It's time to master the art of team working

Adapting to change has become part and parcel of the teacher's job, but it isn't always easy to keep pace with what's happening. Teachers are now adapting to working with classroom assistants as part of their team.

The introduction of classroom assistants into Scottish schools through the national classroom assistant initiative has been designed to support teachers in a variety of ways. Classroom assistants are under teachers'

direction as they assist in the supervision of pupils and provide support for children's learning.

Classroom assistants have been welcomed in schools and good models of practice are developing. It's by learning on the job that most teachers are developing their approach to this challenge.

By listening to teachers and classroom assistants talking about their practice and observing the partnerships in action, key elements of teamworking can be identified. Working out the relative roles and responsibilities is an important first step. Discussing who does what and when helps teaching and learning, and helps the classroom organisation run smoothly. It also avoids tension caused either by stepping on each other's toes or by one partner not pulling their weight.

To work effectively, an assistant needs to understand how the classroom works and how decisions are made. The teacher needs to explain how the classroom and groups are organised.

But it takes time to build up good communication. Listening to and valuing each other's contributions is not easy, but makes for a positive working relationship. For instance, do you know what the classroom assistant enjoys and is confident about? One teacher discovered the classroom assistant loved helping with technology. She understood and could explain things well, so she became "a real asset" at technology time.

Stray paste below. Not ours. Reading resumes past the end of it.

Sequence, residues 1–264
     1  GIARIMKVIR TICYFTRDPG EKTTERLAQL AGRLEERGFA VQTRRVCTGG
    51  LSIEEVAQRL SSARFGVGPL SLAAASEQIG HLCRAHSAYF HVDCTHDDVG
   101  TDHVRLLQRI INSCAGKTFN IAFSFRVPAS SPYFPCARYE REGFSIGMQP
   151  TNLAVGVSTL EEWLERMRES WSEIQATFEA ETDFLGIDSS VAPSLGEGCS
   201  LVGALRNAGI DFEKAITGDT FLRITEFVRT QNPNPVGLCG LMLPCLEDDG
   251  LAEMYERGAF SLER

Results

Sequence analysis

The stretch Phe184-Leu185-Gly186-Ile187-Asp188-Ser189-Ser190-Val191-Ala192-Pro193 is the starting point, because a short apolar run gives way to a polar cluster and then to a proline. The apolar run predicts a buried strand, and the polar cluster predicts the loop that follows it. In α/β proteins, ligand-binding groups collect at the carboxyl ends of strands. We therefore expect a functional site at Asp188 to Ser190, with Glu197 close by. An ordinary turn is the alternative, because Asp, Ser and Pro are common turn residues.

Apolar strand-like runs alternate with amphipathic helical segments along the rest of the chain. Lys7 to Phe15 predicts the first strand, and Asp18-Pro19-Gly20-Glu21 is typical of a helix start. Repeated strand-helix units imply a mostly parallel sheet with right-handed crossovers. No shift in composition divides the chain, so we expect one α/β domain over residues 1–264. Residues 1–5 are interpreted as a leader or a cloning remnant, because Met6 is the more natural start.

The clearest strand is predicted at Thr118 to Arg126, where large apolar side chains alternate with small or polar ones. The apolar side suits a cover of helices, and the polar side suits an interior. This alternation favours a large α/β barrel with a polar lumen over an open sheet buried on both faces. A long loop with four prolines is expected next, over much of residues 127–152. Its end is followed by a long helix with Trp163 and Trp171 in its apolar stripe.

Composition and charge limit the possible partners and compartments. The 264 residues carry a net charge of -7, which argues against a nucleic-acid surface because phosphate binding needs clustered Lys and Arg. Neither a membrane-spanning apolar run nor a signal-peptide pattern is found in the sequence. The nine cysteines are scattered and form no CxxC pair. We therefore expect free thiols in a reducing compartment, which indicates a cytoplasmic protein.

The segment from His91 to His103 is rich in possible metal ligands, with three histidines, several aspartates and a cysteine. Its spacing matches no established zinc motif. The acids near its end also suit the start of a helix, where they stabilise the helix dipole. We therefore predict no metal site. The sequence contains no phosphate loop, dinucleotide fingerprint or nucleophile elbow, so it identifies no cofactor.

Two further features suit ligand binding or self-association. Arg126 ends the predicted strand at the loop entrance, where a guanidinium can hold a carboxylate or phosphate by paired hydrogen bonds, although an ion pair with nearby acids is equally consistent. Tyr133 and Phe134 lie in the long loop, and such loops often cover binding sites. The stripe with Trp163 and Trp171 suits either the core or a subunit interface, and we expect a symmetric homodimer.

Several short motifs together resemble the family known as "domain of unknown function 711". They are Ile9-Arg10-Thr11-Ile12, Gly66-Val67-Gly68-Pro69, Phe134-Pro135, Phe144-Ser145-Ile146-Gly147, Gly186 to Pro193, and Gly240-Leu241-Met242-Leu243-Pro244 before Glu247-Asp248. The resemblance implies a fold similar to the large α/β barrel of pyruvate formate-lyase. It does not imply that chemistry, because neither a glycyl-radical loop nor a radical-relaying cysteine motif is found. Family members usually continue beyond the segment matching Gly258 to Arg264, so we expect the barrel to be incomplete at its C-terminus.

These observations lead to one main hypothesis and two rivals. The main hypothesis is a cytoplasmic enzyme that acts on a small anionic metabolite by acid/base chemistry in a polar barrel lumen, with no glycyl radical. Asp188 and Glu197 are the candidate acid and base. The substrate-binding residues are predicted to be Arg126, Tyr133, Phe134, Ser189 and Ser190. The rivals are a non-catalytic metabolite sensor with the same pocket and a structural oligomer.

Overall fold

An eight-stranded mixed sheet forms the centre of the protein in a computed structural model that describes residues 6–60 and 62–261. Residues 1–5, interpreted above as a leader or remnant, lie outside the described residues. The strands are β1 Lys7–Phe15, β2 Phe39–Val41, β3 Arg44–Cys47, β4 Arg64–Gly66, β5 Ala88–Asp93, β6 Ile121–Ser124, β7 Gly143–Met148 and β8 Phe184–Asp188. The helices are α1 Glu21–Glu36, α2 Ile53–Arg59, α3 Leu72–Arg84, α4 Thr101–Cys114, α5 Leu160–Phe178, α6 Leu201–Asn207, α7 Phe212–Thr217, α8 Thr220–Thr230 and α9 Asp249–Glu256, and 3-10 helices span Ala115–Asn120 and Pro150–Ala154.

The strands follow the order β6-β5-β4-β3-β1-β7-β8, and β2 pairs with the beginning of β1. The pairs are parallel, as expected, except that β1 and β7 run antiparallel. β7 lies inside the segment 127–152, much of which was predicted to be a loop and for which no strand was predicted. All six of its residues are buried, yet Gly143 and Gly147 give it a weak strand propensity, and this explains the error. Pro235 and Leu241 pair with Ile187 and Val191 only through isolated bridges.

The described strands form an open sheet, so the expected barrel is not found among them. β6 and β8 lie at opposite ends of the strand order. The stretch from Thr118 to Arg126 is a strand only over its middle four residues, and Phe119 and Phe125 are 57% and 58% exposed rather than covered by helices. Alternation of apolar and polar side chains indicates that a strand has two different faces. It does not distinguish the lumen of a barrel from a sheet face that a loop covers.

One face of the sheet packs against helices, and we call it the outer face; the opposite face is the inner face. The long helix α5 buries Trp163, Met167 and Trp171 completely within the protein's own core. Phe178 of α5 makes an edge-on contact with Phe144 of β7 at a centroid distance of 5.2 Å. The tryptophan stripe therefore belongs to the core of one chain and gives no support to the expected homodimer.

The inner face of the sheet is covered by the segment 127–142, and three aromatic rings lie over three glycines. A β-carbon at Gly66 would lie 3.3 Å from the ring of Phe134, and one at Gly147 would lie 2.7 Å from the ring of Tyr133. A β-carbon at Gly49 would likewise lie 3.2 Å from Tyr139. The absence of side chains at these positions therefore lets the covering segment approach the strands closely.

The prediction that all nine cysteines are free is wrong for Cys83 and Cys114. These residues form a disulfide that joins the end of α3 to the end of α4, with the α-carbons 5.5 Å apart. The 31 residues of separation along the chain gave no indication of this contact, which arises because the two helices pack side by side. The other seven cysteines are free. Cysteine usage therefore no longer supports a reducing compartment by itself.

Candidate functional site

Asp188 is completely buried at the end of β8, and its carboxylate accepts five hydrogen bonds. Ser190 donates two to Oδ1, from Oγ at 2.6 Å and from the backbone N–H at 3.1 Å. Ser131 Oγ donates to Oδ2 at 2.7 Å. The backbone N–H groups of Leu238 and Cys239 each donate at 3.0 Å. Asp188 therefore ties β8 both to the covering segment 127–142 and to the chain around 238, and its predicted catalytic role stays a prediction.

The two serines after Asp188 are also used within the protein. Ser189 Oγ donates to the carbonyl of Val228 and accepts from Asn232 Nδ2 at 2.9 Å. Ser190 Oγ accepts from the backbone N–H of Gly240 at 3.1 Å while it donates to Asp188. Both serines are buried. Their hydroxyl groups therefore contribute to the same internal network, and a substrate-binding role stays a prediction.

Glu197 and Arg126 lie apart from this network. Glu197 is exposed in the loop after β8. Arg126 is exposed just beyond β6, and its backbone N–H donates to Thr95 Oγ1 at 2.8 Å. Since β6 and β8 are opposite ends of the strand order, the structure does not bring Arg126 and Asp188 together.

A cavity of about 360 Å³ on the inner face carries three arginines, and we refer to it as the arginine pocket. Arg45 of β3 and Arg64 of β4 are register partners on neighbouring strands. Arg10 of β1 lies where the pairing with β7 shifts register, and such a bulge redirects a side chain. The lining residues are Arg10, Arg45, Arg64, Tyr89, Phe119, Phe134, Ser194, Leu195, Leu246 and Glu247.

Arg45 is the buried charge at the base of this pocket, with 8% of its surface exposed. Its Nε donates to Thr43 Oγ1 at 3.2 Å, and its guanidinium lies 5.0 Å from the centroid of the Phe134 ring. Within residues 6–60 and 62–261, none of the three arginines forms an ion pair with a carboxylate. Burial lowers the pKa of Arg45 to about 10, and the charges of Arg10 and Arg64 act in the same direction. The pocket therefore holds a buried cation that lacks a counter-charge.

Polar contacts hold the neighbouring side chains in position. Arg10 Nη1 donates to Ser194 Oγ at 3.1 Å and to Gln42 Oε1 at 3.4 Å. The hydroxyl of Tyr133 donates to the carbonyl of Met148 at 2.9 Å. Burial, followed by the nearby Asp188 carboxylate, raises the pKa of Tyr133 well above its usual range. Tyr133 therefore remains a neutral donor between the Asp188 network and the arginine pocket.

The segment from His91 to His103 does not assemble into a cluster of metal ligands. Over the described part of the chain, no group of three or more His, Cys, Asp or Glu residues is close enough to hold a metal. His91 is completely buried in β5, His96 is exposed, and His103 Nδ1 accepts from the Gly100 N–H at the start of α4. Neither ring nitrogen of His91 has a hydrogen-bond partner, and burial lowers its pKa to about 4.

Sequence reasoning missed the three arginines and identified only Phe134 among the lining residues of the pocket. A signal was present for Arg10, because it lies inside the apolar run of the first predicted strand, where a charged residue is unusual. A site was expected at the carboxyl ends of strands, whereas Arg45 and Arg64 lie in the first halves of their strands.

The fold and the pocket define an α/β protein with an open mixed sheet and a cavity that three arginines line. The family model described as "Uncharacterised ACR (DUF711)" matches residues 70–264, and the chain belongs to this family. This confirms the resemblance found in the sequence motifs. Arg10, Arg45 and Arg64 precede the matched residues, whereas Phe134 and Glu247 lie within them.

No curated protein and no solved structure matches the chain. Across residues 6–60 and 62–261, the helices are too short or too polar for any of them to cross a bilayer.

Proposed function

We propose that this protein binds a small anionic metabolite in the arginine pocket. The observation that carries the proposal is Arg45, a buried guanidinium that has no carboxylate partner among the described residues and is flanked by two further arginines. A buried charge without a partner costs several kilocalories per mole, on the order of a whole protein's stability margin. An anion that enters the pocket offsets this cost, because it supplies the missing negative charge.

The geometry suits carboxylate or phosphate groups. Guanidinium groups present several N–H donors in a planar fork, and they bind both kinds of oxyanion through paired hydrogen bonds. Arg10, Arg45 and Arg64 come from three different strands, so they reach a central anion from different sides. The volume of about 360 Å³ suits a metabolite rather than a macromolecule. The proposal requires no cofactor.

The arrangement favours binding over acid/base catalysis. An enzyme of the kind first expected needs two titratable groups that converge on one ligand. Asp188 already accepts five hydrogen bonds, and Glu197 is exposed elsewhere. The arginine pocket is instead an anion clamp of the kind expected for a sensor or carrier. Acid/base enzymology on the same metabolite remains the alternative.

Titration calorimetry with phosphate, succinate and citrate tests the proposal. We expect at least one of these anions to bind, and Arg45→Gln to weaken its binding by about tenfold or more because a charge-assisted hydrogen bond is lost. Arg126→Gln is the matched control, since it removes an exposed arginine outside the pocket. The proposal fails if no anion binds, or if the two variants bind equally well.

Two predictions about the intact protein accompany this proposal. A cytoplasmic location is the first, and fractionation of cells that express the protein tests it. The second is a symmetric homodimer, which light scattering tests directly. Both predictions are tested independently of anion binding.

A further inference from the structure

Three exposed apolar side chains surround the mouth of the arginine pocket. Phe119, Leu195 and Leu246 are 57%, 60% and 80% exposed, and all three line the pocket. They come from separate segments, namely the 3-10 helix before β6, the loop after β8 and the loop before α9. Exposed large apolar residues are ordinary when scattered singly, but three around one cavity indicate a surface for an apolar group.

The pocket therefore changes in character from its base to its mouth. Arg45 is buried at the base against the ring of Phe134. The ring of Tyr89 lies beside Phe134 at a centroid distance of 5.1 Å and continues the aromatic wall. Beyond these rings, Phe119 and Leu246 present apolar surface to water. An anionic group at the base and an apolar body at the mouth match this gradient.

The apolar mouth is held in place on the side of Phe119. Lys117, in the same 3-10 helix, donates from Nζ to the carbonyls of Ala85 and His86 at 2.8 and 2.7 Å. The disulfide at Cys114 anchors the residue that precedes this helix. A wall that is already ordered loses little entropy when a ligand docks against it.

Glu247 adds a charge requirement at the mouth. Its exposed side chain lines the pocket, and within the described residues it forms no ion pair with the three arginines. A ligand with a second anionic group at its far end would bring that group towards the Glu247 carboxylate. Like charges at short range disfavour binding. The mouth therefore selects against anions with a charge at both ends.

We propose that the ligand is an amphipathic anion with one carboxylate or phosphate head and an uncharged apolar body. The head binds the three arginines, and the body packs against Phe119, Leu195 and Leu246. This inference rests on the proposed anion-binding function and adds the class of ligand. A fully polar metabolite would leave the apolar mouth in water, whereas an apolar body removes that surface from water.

Modelling is another way to support classroom assistants, particularly when they are less confident. It helps them see how the teacher listens to the children and is positive with their ideas. It also helps the teacher when she's working with a group.

In addition to communicating about the curriculum and what is happening in the classroom, it is important to convey a sense of value and trust in the partnership. Classroom assistants will appreciate being trusted to show some initiative and make appropriate decisions within the agreed plan.

Many classroom assistants have already developed useful skills for working in classrooms and are undertaking further training. It is helpful for teachers to know what's involved in these training courses and how to support the assistants as they continue to develop.

To give teachers more support, a pack of materials has been developed by Strathclyde University and is now available in all Scottish primary schools. Working with Classroom Assistants allows teachers to explore the promotion of positive relationships, the development of effective teamwork and management of other adults in the classroom. The learning materials also provide some practical advice and training in relation to the management and development of assistants.

Sections include activities designed to support discussion and follow-up action, such as reading, searching a website or setting up a new way of working. Some activities are for groups of teachers, some for individuals and some for mixed groups of teachers and classroom assistants.

Since every school has its own needs and character, the materials can be adapted to meet local circumstances. They will also be useful for headteachers as they plan and implement approaches to working with classroom assistants, and will hopefully complement work already undertaken at national, local and school level.

Many teachers now work with classroom assistants, sharing their planning. To work effectively, teachers need to further develop their knowledge and understanding, their skills and attitudes for collaborative work.

Joan Menmuir, Joyce Lindsay and Isobel Calder, of Strathclyde University, talk on Working with Classroom Assistants at 1.30pm, September 13

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